"Neither the repression, nor the threats, nor the fines, nor the jail, nor the preventive sentences... Nothing will stop us: we will do it again. Our commitment to the exercise of the right of self-determination has no way back," the Catalonia government president Quim Torra said.
Under the motto of "Freedom", the Barcelona march aims to become the most "massive and transversal" protests of those carried out to date, according to the Catalan National Assembly (ANC) and Omnium Cultural.
"This demonstration will serve to denounce the condemnation of pro-independence leaders and defend collective freedoms and rights," both organizations affirmed through a joint manifesto.
The ANC-OC activists also pointed out that their call is "transversal and inclusive" because it appeals not only to those who openly favor independence from Spain but also to all citizens who defend political and human rights.
The protest turns into a rally now in London. We want: -Release of political prisoners. -Stop police brutality. -Independence! pic.twitter.com/lRRxcB4HGW
Catalonia is experiencing a turbulent situation since October 14, when the Spanish Supreme Court (TS) issued sentences of up to 13 years in prison for nine pro-independence leaders.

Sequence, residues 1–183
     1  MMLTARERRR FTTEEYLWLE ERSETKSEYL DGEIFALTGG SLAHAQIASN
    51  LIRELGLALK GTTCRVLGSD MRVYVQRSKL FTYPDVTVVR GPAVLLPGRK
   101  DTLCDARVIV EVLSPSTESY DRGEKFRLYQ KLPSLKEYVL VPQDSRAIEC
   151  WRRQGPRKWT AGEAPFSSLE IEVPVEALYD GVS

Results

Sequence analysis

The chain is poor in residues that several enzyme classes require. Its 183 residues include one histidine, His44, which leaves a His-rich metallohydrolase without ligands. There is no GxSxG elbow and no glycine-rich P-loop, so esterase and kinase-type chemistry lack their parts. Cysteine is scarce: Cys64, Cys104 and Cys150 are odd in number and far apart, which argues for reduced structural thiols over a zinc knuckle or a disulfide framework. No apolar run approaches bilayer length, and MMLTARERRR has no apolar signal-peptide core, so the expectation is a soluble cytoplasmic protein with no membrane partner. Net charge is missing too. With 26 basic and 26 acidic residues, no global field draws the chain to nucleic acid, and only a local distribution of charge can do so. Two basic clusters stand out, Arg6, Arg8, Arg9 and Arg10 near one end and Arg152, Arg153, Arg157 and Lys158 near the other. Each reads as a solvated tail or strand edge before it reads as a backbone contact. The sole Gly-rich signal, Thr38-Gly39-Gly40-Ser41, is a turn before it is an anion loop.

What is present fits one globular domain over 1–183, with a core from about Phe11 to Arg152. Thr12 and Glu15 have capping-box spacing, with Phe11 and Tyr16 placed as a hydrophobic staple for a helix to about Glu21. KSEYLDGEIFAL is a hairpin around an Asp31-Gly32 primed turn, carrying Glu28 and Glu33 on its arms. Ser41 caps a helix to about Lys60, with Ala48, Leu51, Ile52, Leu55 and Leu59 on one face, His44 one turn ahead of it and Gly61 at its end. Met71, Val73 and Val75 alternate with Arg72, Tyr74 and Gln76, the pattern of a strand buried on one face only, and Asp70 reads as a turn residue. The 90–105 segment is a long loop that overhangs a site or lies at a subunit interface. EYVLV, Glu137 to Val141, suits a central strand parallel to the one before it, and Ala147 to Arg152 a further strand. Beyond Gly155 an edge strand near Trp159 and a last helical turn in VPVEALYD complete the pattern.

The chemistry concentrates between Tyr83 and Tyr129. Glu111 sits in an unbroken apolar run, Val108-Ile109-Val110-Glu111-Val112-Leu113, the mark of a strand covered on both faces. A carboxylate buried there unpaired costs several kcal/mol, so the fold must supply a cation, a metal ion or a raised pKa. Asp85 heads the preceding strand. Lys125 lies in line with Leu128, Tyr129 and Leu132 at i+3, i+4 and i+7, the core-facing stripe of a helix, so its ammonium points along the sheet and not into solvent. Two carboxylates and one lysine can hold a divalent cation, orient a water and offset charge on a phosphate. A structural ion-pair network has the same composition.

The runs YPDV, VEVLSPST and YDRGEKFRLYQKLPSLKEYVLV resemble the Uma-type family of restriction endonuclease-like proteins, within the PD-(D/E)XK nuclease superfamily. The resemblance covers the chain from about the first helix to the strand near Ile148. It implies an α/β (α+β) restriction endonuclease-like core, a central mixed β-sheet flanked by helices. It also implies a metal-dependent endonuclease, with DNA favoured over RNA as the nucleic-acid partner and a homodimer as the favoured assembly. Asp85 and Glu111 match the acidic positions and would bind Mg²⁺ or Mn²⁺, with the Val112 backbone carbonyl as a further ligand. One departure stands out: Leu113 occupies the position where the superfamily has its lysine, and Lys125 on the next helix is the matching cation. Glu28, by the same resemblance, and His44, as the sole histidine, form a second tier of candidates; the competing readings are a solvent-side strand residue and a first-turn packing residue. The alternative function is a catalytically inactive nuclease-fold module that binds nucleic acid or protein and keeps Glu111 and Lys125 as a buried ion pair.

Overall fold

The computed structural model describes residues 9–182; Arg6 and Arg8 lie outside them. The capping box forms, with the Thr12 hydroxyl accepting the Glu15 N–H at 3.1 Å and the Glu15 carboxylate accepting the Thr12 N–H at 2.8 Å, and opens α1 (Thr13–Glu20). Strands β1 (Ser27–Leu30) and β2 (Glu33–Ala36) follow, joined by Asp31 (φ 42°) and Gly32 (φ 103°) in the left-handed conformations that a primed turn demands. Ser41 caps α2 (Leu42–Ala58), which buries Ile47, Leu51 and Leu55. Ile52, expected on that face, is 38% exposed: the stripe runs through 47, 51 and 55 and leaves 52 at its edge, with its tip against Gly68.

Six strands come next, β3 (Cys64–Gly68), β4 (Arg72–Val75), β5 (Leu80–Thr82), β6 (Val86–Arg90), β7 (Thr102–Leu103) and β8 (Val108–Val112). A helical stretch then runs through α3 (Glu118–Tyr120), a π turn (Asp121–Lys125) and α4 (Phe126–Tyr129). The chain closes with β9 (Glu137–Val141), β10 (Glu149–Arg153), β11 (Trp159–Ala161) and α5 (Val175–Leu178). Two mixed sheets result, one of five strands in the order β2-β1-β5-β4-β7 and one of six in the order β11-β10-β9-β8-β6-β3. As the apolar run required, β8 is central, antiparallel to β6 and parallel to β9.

They had been accussed of sedition for their active participation in the 2017 referendum whereby Catalans confirmed that they wanted their country to be independent.
The TS ruling provoked intense protests all over Catalonia, some of which involved clashes with the police which lasted even during nights. About 600 people were injured due to police brutality.
The ANC president Elisenda Paluzie and the Omnium vice president Marcel Mauri believe that the participation of the Catalans on Oct. 26 March will be massive because, in one way or another, all citizens are concerned about restrictions on their freedoms.
In condemning Catalan pro-independence leaders to long prison terms, Spanish authorities have set a precedent that risks criminalizing any form of dissent against the State.
"I am in jail for defending human rights, not independence," said Jordi Cuixart, who chairs Omnium Cultural, an NGO founded in 1961 to defend Catalan culture under the Francisco Franco dictatorship (1936-1975), when public use of the Catalan language was banned.
Cuixart also accused Spain's government of neglecting the option of dialogue to resolve Catalonia's political crisis.